7. Don’t skimp on exercise: Regular exercise is an essential component of any balanced recovery program and will help you weather the stresses that often accompany the season.
  8. Avoid unhealthy hangouts: There is no reason to ever check out your former favorite establishments—no matter who is in town.
  9. Begin for new traditions: Start an annual bowling tournament or flag football game with fun awards and prizes. Host a cookie baking party and trade cookies with your guests. Use your imagination, be creative and have fun.
  10. Volunteer for a charitable organization: There are many people in your community who are less fortunate than you. You will be helping not only the needy but yourself!
  11. Avoid H.A.L.T. (Hungry, Angry, Lonely, Tired):  If you are hungry, get something to eat. If you are angry, talk to somebody about it. If you are lonely, go to a meeting or call a friend. If you are tired, get a good night’s sleep.
  12. Take one day at a time and enjoy your sobriety: Stay in the moment and live one day at a time. Never mind about what happened or what could happen. Enjoy today. Live today. Celebrate your sobriety.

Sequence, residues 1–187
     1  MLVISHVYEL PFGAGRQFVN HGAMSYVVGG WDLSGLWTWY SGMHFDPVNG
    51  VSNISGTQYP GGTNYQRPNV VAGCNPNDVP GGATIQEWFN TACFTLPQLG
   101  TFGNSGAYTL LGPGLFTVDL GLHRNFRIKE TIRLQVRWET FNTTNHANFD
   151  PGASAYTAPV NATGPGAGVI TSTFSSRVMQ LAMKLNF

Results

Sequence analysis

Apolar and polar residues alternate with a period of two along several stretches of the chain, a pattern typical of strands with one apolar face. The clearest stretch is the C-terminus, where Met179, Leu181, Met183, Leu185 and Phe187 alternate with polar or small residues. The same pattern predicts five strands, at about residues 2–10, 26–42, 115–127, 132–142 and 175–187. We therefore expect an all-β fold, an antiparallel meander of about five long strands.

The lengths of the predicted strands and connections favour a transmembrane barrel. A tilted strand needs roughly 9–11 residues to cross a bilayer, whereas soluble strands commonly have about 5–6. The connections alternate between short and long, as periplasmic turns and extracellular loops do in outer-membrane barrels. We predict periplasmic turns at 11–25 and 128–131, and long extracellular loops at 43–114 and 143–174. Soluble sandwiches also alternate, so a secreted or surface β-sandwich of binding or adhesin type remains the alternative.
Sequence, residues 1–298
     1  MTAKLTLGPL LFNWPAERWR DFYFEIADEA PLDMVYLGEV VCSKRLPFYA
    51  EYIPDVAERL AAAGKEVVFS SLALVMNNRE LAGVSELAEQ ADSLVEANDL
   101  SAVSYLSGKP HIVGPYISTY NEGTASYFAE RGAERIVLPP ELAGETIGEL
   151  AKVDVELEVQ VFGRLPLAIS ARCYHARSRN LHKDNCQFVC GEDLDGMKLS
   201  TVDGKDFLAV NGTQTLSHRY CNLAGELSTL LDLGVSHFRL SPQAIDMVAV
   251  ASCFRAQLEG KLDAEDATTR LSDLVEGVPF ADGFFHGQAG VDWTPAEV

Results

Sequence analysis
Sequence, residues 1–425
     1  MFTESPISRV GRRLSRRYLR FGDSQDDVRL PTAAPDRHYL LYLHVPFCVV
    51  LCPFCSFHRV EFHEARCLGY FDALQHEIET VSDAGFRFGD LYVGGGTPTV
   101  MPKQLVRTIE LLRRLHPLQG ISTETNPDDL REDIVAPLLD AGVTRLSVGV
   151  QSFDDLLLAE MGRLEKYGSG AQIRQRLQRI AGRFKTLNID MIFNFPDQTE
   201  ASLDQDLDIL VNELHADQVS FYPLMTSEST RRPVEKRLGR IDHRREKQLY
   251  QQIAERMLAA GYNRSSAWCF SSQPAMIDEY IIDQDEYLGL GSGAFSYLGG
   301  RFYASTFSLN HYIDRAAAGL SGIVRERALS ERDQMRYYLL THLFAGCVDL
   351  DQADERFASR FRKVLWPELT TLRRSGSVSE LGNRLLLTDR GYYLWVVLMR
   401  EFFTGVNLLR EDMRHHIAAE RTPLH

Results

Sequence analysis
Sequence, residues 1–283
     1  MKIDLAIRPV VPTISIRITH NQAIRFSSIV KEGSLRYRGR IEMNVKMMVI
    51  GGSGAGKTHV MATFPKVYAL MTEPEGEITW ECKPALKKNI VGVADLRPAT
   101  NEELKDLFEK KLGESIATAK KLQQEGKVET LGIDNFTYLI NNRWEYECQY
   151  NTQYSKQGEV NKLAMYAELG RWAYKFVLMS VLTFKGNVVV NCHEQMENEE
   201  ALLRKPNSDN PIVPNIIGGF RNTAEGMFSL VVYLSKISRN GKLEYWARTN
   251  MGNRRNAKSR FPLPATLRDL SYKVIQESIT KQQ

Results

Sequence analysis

Take this opportunity to celebrate not only the holidays, but also your new life of sobriety, which is something really worth celebrating. If you find yourself struggling during the holiday season, please remember that you are not alone. Help is only a phone call or meeting away. 877-505-HOPE (4673).

Can the Body Recover from Excessive Drinking?

Research suggests the body can bounce back once a person stops drinking.

The liver, one of the few organs that can compensate by growing new cells, has remarkable regenerative powers. A liver mildly inflamed by alcohol can recover fairly rapidly once the drinking stops. Even a scarred liver can halt the process of cirrhosis if alcohol abuse is stopped in time.

Research even suggests that brains too can recover from damage caused by alcohol abuse.

Studies have found that after a month of sobriety, an alcoholic’s brain begins to repair itself, and brain volume, which tends to shrink from excess alcohol, is increased by a few percentage points. Patients’ ability to concentrate is also improved.

If you are concerned about someone who may be abusing alcohol or drugs, Gateway Foundation can help. Contact Gateway to arrange a free and confidential consultation at 877-505- HOPE (4673) or learn more about Gateway Foundation at RecoverGateway.org. Renew hope today.